• It might not have looked like it on Day 1, but the Pelicans' signing of DeMarcus Cousins is the best thing to ever happen to Anthony Davis.
By Jeremy Woo
February 24, 2017

It took roughly five minutes of Thursday night’s game for a reasonable, fresh set of eyes to determine that everyone should be pulling for Anthony Davis and DeMarcus Cousins. New Orleans’s long basketball nightmare is kinda-over, for now, because the Pelicans are watchable as hell and potentially a very, very difficult team to stop. It’s easy to speak breathlessly about a pairing of talent like that, and it’s also fair to say we could have made these same assertions four days ago, when Cousins landed in New Orleans (figuratively speaking, seeing as how the All-Star big was literally already there in person). Never mind that. The optimist’s take is the one worth entertaining for now.

No, the Pelicans did not win against the Rockets last night, a team that’s perfected their breakneck style, got better at the deadline and can score the ball as well as anyone in the league. In fact, they lost by 30. Also still a fact: the Pelicans are not great. They looked discombobulated on defense and didn’t do much right, botching pick and roll defenses and losing shooters. It was a bad night. The other recently-liberated King, Omri Casspi, broke his freaking thumb. Pulling the Houston Rockets as your opponent in an initial attempt to integrate a dominant-yet-plodding center is like trying to fake your way through a surprise pop quiz in 8 a.m. AP Calculus on the first day of school. New Orleans failed. And that’s okay!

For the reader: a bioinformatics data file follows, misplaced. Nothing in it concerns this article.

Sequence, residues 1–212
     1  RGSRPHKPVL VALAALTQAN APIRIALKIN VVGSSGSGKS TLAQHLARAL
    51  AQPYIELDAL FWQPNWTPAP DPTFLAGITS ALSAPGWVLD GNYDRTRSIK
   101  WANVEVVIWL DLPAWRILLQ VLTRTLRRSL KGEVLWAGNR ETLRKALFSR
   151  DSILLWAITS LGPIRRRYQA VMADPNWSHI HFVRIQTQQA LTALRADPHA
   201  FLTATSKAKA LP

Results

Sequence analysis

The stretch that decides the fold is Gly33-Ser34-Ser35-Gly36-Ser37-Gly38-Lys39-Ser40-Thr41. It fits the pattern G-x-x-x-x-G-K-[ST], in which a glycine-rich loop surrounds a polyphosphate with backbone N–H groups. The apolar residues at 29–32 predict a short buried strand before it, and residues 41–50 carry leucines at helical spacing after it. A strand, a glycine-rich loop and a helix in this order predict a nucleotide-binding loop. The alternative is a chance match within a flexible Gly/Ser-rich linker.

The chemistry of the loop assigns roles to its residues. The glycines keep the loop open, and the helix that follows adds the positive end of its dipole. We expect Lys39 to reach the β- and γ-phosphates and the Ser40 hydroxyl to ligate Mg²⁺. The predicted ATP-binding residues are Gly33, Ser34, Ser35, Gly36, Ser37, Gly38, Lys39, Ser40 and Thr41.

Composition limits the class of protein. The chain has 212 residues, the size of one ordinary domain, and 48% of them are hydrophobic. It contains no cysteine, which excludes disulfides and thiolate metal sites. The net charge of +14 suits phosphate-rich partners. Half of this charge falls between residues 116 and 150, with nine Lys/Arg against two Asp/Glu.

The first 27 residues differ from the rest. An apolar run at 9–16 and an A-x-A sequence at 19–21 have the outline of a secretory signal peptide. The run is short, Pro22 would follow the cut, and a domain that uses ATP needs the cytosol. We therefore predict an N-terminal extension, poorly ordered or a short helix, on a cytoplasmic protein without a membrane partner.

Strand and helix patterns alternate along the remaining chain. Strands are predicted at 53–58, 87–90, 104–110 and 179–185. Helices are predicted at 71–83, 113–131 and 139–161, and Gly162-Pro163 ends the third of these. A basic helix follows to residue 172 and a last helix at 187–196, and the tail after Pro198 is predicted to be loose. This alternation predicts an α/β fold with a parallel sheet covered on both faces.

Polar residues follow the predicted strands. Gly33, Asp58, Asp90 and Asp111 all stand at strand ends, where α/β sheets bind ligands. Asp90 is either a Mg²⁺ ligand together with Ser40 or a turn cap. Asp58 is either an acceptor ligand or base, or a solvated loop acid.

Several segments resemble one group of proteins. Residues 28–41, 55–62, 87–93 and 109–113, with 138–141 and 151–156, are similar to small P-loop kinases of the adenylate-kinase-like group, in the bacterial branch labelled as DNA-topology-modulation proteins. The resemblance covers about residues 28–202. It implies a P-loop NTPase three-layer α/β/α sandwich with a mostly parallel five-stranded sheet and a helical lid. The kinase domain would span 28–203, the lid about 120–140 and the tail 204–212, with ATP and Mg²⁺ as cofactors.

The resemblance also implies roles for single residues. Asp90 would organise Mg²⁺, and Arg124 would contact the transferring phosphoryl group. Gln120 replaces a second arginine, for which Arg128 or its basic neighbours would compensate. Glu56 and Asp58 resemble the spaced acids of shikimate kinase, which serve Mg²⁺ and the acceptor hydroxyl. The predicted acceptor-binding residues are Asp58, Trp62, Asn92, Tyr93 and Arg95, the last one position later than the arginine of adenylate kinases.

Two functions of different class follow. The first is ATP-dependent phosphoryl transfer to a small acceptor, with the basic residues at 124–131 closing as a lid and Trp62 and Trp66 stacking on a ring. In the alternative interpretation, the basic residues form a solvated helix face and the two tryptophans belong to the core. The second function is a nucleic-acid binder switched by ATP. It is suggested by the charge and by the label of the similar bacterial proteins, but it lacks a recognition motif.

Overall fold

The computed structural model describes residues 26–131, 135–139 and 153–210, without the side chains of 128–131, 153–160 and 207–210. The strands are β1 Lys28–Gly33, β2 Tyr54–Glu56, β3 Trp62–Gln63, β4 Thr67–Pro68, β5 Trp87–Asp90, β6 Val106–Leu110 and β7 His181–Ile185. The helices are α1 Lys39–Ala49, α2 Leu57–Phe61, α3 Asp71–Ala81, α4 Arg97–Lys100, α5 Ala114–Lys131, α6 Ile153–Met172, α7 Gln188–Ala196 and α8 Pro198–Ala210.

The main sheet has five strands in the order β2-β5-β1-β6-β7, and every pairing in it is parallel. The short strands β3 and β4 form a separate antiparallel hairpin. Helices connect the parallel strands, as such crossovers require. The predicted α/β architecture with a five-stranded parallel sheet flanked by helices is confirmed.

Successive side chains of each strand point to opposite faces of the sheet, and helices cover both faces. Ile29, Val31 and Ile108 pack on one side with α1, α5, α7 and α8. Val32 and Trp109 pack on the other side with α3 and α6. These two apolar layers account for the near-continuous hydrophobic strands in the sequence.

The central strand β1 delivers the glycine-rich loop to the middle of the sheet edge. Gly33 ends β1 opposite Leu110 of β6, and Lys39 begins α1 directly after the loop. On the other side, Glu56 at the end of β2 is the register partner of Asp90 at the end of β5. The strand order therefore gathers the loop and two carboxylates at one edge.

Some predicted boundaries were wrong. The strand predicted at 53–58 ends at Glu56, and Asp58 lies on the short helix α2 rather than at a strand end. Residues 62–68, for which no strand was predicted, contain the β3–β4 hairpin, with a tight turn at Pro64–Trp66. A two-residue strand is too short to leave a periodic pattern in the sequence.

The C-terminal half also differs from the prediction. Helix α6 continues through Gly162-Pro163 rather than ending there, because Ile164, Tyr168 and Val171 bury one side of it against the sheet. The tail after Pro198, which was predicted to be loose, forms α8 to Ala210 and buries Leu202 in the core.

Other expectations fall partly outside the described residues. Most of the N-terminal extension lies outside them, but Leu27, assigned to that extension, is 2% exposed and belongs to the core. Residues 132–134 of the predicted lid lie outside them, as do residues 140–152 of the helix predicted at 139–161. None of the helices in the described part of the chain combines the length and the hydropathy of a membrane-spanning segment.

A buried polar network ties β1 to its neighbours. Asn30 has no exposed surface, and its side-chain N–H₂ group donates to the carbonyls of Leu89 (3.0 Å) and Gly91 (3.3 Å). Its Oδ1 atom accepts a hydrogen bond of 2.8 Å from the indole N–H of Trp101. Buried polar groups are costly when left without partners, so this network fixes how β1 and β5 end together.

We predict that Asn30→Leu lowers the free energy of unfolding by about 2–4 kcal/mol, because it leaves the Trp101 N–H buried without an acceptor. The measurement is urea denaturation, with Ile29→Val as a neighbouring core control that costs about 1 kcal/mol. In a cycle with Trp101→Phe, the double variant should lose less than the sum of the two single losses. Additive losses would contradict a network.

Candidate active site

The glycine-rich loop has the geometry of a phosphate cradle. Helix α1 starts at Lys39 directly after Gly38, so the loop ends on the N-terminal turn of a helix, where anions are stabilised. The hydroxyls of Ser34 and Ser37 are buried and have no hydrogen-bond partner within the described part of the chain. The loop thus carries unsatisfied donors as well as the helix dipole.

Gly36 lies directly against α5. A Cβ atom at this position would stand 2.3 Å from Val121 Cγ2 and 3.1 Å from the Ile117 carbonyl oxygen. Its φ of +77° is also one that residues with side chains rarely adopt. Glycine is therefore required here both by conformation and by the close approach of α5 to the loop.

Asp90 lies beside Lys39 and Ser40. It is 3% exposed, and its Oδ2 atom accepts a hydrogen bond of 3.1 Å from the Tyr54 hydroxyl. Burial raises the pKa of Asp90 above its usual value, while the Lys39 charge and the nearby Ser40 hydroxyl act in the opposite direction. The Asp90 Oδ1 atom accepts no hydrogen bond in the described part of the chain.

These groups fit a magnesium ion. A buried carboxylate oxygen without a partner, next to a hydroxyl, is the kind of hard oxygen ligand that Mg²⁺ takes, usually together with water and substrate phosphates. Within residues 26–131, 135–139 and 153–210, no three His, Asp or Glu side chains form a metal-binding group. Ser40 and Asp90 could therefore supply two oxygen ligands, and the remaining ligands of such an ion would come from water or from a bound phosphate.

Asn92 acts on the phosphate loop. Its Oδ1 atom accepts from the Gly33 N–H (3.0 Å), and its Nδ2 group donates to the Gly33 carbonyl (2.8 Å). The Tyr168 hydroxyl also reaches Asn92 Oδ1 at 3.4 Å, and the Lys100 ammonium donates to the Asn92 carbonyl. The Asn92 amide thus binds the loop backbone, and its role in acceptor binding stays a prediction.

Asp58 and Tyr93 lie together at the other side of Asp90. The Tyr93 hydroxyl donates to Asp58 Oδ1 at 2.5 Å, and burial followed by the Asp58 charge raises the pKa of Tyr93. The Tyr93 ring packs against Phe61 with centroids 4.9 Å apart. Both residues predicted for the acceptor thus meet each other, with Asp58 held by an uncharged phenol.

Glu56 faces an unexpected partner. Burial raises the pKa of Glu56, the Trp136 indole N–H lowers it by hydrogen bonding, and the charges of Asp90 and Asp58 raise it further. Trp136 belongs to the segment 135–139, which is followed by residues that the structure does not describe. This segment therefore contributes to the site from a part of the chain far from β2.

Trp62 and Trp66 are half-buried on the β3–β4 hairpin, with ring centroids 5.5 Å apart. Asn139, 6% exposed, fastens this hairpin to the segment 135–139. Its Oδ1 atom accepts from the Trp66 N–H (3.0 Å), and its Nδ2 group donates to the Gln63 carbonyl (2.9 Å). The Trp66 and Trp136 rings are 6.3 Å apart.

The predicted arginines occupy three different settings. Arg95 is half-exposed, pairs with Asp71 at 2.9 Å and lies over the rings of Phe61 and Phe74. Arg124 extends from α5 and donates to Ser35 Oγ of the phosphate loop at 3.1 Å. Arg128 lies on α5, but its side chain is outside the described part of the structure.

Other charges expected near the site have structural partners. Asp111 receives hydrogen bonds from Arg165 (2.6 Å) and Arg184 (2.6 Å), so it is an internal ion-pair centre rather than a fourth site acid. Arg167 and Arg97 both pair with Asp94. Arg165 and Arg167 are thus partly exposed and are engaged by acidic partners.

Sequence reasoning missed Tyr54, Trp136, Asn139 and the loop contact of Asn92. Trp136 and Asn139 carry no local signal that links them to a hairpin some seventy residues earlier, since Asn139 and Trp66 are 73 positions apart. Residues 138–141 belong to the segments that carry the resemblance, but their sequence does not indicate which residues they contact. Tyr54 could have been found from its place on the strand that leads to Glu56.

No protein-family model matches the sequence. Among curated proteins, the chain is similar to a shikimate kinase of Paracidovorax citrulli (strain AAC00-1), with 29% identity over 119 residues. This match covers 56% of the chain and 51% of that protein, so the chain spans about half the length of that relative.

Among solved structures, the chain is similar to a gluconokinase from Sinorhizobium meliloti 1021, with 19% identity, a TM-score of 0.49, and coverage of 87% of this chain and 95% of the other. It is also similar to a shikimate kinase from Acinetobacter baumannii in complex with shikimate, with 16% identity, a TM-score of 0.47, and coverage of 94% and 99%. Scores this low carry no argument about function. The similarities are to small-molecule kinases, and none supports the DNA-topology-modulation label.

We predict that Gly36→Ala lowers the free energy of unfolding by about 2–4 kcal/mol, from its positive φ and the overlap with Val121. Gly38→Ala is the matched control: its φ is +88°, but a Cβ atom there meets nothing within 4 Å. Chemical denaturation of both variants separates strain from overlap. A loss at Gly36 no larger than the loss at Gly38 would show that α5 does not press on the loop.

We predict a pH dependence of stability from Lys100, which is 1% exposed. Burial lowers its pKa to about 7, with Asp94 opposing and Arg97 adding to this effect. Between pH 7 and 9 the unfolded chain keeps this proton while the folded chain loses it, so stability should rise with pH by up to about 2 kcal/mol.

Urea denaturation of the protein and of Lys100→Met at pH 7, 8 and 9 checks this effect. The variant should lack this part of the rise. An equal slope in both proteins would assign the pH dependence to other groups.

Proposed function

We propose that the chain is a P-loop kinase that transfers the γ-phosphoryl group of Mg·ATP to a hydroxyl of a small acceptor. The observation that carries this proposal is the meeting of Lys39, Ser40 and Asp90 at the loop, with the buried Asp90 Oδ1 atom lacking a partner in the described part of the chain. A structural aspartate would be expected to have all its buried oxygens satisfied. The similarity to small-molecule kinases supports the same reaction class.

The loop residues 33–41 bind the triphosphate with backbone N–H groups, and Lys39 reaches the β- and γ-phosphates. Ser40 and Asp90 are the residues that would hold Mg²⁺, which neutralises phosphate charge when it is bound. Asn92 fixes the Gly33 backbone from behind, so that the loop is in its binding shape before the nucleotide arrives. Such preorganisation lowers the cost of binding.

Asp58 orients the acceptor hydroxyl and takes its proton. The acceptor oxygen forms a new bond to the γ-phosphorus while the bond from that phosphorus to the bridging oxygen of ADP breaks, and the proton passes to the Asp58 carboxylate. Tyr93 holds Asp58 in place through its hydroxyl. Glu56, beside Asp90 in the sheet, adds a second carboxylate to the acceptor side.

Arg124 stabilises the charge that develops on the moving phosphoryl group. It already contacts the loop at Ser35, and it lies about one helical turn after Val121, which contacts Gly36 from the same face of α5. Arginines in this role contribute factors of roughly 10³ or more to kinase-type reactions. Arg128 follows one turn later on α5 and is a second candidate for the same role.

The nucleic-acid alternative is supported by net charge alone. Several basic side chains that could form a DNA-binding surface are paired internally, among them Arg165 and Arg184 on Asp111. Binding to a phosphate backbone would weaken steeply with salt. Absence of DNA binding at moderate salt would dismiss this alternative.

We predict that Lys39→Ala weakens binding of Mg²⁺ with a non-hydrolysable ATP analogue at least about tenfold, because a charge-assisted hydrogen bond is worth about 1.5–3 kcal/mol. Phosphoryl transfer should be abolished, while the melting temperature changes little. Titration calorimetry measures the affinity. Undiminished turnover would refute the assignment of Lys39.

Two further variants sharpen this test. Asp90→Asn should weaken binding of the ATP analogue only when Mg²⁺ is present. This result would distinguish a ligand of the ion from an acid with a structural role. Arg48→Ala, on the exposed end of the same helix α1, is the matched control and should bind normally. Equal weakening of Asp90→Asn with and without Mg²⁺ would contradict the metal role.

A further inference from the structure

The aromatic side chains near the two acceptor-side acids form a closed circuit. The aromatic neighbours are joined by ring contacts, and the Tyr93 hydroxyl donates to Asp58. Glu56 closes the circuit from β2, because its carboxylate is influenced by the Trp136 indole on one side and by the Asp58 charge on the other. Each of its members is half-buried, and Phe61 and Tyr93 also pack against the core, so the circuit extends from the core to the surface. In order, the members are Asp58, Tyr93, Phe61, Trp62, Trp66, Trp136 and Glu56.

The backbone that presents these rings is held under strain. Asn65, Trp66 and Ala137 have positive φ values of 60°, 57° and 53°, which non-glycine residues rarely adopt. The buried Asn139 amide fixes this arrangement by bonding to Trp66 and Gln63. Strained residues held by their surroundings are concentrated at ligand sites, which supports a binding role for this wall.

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Although they may not need to do too much to sneak ahead of the Nuggets and Blazers for the final playoff spot, temper some of the excitement for this playoff push. This is still New Orleans we’re talking about, and acknowledging a longer view for a project this ambitious, even with a definite clock as determined by Cousins’s 2018 free agency, is going to be critical. That aside, what everyone was looking for on Thursday was exactly how Davis and Cousins would mesh together. Read Rob Mahoney’s Tuesday column for the nitty-gritty. It’s far more instructive.

The nut of the big one-game takeaway is this: stylistically, Davis and Cousins are not really in each other’s way. Boogie had 27, 14 and 5, Brow had 29 and 9, but this wasn’t really about the stats. Davis has always been better than just about anyone on the planet at contributing to winning without dominating the ball. Some of that got lost while he centered a one-man show without ample playmaking to maximize his talent. Remember when 18-year-old Davis carried Kentucky to a national title while taking the fourth-most shots on the team, shooting 62% from the field, leading the nation in blocks and scoring just six points (albeit on 1-for-10 shooting in the national title game)? That’s the root of his basketball DNA, so to speak. And now he can get back to it. His evolving ability to space the floor, put it on the deck and do stuff we’ve never seen before is the tastiest kind of gravy. Cousins is the best thing that’s ever happened to him.

Jonathan Bachman/Getty Images